Moisture was mixed bag through the Plains

The U.S. Drought Monitor is jointly produced by the National Drought Mitigation Center at the University of Nebraska-Lincoln, the U.S. Department of Agriculture and the National Oceanic Atmospheric Administration. (Map courtesy of NDMC.)

The central third of the contiguous United States saw a mix of improvements and degradations, based on where heavier precipitation did or did not fall and where dry and windy conditions continued.

Parts of Illinois, Indiana, Ohio, the Michigan Lower Peninsula, southern Missouri and southeast Kansas saw improving conditions after heavier rains fell there. Meanwhile, moderate drought expanded in northwest Missouri. It also expanded in portions of west-central Wisconsin, Minnesota, northwest Iowa, the far southern Michigan Upper Peninsula and far northeast Wisconsin.

Much of Texas remained the same, with a few degradations in the southeast corner and several degradations in central and southern Texas where long-term drought conditions are still causing impacts. Recent dryness and warm and windy weather in northwest Oklahoma and the Texas and Oklahoma panhandles led to abnormal dryness developing there.

Short-term dryness and high evaporative demand led to large areas of degrading conditions in northeast Wyoming, while west-central Wyoming, north-central Colorado, northeast Utah, western Montana, and the northern Idaho Panhandle all saw areas of improvement due to lower evaporative demand and improving snowpack recently.

The U.S. Drought Monitor is jointly produced by the National Drought Mitigation Center at the University of Nebraska-Lincoln, the U.S. Department of Agriculture and the National Oceanic Atmospheric Administration. (Map courtesy of NDMC.)


Rainfall amounts this week in the South region varied widely. In western Oklahoma, south Texas, and the Oklahoma and Texas Panhandles, the weather was mostly dry. In north-central Texas, portions of Louisiana and Arkansas, central and southern Mississippi, and south-central Tennessee, rainfall accumulations of 1-2 inches occurred, with locally higher amounts.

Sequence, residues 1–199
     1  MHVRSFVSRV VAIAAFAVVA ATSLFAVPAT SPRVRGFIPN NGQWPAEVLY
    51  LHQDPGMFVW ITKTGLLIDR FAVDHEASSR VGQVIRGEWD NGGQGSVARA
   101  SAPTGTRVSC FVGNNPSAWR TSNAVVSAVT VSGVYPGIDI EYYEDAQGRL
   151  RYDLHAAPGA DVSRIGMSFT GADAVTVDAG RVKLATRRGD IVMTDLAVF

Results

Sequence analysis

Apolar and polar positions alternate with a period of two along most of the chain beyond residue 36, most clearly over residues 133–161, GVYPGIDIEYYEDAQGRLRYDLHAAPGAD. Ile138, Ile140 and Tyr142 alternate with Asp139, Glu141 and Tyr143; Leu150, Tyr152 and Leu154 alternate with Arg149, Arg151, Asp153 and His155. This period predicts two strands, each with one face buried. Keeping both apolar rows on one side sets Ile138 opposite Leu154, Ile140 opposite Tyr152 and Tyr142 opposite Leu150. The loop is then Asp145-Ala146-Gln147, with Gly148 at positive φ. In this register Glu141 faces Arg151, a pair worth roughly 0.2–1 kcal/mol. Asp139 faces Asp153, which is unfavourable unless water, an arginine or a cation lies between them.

Much of the central and eastern part of the region saw above-normal temperatures, with readings commonly falling into the 2 to 8 degrees Fahrenheit above normal window. In western Texas and the Oklahoma Panhandle, temperatures were generally closer to normal. Most readings falling somewhere between 4 degrees cooler than normal and 4 degrees warmer than normal.

Recent rainfall improved streamflows and precipitation deficits enough to result in improvements in south-central and southeast Tennessee, . Farther west in west-central and northwest Tennessee and adjacent east-central Arkansas, abnormally dry conditions expanded. Short-term precipitation deficits paired with high evaporative demand and lowering streamflow remain.

Abnormal dryness expanded and moderate drought developed where recent dryness and high evaporative demand combined with decreasing soil moisture and streamflow numbers in southeast Texas and nearby southwest Louisiana. Central Texas experienced recent localized dryness occurred on top of long-term dryness and drought, which combined with very low streamflow in many locations to lead to expansion of drought and abnormal dryness areas.

The northeast Texas Panhandle and adjacent Oklahoma Panhandle and northwest Oklahoma had dry weather over the last couple of months. Combined with high evaporative demand that led to the development of abnormal dryness. In these areas, wildfires have been common.


Warmer-than-normal temperatures occurred across the entire Midwest region. Compared to normal, the warmest areas were in Iowa, Minnesota, Wisconsin and Michigan, where temperatures mostly ranged from 4 to 12 degrees above normal, with locally warmer readings. Locally heavy rain (over 2 inches in some locations) fell in central and southwest Missouri, while rain also occurred in Illinois, Indiana, Ohio and the Lower Peninsula of Michigan.